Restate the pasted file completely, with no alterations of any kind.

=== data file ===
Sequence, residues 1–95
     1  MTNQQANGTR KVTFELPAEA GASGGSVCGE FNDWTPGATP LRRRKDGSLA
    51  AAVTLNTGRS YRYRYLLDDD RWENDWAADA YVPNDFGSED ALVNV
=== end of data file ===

Sequence, residues 1–95
     1  MTNQQANGTR KVTFELPAEA GASGGSVCGE FNDWTPGATP LRRRKDGSLA
    51  AAVTLNTGRS YRYRYLLDDD RWENDWAADA YVPNDFGSED ALVNV